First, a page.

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Eur Respir J. 2005 Mar;25(3):552-63.

Histone acetylation and deacetylation: importance in inflammatory lung diseases.

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  • 1National Heart and Lung Institute, Imperial College, London SW3 6LY, UK.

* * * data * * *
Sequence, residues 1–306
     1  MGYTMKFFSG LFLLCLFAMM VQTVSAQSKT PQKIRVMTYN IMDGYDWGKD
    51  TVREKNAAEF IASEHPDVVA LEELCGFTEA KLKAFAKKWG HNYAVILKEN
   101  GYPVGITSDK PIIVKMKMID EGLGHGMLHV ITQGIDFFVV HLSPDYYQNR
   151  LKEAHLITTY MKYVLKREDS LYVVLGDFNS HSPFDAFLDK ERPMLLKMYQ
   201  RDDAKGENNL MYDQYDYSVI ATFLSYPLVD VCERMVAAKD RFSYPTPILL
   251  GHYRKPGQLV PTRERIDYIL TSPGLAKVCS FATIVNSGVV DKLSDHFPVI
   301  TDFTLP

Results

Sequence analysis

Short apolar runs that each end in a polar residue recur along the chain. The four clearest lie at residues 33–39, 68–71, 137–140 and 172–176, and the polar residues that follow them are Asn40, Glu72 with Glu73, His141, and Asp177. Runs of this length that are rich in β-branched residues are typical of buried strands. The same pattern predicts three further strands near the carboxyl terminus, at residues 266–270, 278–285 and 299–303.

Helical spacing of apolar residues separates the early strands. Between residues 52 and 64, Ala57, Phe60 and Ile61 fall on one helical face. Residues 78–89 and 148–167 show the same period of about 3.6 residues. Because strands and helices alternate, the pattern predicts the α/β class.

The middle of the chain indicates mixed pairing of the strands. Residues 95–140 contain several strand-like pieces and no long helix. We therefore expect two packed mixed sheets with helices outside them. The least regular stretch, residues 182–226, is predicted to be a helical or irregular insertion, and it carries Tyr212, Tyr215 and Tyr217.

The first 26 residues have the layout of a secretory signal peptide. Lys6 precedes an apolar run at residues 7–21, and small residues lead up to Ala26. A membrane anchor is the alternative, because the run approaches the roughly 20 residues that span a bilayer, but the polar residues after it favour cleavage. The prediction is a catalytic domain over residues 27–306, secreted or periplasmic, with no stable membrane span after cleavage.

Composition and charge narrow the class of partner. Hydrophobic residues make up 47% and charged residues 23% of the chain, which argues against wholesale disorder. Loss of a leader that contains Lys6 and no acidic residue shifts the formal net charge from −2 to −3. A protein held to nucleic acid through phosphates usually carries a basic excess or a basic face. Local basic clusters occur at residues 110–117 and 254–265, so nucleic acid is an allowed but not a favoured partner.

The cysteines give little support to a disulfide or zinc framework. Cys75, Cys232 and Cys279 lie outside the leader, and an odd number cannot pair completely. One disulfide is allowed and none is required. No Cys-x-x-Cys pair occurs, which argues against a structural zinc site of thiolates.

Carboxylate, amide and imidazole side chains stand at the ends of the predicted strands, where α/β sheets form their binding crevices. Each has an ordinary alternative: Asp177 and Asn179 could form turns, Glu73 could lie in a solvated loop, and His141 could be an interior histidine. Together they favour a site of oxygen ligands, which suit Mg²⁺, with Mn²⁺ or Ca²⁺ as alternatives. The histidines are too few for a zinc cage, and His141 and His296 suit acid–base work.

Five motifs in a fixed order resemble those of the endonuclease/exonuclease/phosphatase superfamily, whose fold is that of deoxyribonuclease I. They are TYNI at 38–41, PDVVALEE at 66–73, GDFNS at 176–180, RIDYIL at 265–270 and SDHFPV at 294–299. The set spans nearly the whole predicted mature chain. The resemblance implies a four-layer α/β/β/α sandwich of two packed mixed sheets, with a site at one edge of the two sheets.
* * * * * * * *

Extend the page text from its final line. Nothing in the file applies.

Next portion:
Inflammatory lung diseases are characterised by increased expression of multiple inflammatory genes that are regulated by proinflammatory transcription factors, such as nuclear factor-kappa B. Gene expression is regulated by acetylation of core histones through the action of coactivators, such as CREB-binding protein, with intrinsic histone acetyltransferase (HAT) activity. Conversely, gene repression is mediated via histone deacetylases (HDACs) and other corepressors. In asthma, there is an increase in HAT activity and some reduction in HDAC activity, which is restored by corticosteroid therapy. Corticosteroids switch off inflammatory genes in asthma through the inhibition of HAT activity and by the recruitment of HDAC2 to the activated inflammatory gene complex. In chronic obstructive pulmonary disease, there is a reduction in HDAC2 activity and expression, which may account for the amplified inflammation and resistance to the actions of corticosteroids. The reduction in HDAC2 may be secondary to oxidative and nitrative stress as a result of cigarette smoking and severe inflammation, and may also occur in severe asthma, smoking asthmatic patients and cystic fibrosis. Similar mechanisms may also account for the steroid resistance seen with latent adenovirus infections. The reduction in histone deacetylase activity can be restored by theophylline, which may be able to reverse steroid resistance in chronic obstructive pulmonary disease and other inflammatory diseases.

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